Giving Away Income Doesn’t Discount it from Child Support Calculation

On Behalf of | Sep 22, 2015 | Divorce |

A recent judgment from the Kentucky Court of Appeals in a case titled Bootes v. Bootes has found that giving away all income from a small business does not necessarily exclude that income from a calculation of what child support payments are due.

Michelle and Damon Bootes were married for 17 years, during which they had four children, before instituting divorce proceedings. Damon operates a tax planning business with his father, for which he does all the tax preparation, while his father does administrative tasks. Damon asserted that all income from the business goes to his father to supplement his parents’ social security income. However, Michelle argued that, considering the business has $47,458 in gross receipts each year, this amount goes beyond the administrative costs to operate the business, and that the court should thus include this income as part of the child support calculation.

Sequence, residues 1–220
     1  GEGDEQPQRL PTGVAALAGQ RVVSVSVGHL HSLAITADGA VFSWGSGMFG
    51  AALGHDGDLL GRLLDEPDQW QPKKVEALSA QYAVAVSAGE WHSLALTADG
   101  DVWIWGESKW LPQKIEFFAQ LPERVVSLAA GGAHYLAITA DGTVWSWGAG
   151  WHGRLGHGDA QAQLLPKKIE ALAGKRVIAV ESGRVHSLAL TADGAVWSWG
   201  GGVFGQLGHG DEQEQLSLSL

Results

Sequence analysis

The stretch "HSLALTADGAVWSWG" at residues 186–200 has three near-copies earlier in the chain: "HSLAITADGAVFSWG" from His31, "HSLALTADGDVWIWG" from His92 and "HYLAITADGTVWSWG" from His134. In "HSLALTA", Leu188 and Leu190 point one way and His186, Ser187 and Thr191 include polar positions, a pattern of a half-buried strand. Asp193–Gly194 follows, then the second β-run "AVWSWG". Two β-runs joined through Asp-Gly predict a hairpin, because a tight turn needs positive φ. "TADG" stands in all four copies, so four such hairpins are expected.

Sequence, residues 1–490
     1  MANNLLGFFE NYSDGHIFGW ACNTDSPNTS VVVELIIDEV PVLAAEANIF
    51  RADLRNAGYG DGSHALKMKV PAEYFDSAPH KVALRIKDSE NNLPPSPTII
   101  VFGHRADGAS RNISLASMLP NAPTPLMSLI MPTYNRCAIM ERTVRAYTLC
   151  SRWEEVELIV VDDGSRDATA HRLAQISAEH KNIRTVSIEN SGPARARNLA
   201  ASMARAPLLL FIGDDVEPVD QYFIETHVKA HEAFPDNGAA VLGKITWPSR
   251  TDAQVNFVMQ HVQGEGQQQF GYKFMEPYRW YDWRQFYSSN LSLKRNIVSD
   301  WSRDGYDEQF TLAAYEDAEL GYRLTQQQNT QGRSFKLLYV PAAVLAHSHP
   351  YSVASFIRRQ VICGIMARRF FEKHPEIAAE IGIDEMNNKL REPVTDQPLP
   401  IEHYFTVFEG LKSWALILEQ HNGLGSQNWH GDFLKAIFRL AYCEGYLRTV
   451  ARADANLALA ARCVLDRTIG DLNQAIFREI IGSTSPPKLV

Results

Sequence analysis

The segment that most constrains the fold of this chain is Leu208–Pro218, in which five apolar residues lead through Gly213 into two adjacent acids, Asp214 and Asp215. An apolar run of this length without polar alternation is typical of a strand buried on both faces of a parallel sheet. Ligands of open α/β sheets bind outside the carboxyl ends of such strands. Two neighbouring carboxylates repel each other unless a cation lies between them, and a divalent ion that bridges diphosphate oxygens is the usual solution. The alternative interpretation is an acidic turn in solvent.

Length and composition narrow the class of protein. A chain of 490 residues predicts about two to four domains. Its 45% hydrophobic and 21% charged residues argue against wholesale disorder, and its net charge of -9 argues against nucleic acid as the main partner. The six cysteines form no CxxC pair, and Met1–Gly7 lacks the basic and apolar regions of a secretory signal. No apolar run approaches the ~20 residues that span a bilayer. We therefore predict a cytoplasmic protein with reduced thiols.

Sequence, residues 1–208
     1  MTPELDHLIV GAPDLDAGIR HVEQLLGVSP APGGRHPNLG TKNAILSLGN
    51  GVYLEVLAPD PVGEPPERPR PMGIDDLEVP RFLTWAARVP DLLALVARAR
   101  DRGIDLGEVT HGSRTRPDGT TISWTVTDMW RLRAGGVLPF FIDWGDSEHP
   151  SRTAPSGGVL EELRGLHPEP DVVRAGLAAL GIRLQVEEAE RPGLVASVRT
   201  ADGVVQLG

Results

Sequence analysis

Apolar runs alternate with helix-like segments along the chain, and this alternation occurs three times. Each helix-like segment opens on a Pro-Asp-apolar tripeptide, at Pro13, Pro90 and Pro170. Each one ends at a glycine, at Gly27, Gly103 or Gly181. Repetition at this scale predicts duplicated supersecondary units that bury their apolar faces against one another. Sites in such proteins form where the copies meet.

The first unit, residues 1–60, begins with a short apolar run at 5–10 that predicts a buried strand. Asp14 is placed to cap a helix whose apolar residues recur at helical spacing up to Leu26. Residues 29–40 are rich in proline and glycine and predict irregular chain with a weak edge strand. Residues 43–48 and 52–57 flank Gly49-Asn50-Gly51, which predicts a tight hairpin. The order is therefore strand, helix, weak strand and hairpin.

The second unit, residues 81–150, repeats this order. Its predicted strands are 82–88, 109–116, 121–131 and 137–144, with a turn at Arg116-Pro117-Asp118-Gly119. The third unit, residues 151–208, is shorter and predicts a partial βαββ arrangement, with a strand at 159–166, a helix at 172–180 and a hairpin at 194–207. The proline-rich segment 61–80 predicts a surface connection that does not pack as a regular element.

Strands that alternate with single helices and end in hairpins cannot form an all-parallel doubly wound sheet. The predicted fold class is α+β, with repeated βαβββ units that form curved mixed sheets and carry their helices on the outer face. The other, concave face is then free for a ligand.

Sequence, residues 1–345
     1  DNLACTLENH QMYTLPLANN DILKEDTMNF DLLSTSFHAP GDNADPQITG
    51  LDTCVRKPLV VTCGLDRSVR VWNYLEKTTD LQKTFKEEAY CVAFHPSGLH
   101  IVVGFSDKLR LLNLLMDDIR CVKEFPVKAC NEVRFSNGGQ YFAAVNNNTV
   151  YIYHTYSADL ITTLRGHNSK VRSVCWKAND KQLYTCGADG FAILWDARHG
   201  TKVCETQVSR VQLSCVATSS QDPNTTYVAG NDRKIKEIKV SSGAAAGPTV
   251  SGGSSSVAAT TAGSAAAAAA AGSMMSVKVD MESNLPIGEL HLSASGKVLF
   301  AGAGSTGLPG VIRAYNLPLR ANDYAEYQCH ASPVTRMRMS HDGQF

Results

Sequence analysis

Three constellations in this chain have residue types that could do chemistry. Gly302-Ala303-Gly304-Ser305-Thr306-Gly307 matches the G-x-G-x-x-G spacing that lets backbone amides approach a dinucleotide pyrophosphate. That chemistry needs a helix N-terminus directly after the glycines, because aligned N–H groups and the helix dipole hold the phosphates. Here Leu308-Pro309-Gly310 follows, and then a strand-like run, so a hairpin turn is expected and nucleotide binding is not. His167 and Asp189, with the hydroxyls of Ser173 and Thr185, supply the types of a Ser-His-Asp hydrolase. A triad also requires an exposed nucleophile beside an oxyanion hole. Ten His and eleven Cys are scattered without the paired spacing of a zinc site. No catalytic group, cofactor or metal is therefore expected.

The trial court had ruled that, since child support is calculated based on the “actual gross income” of the parent, and that Damon had never claimed income from the tax preparation business on his income tax return, it should not be included in a calculation of what he owed in child support. Michelle appealed this decision. The appeals court noted that, even when income isn’t documented, if a party can prove with substantial evidence that the income exists, then it must be included in the court’s calculation of what that parent is obligated to pay in child support. When evaluating the amount of income from self-employment or a small business, the court should deduct only an amount from the gross receipts which can be considered an “ordinary and necessary business expense,” paid to operate the business. The Appeals Court found that, despite the fact that Damon had elected to give away the income, only a portion of that $47,458 should be considered a “business expense” to be excluded from the calculation of his income, but that the majority should be considered income. The court sent the matter back to the trial court to determine what portion of the gross income should be considered reasonable business expenses.

If you are facing a Kentucky divorce or a child custody dispute and need seasoned and compassionate legal assistance for your case, contact Greta Hoffman & Associates in Florence for a consultation at 859-535-0264.

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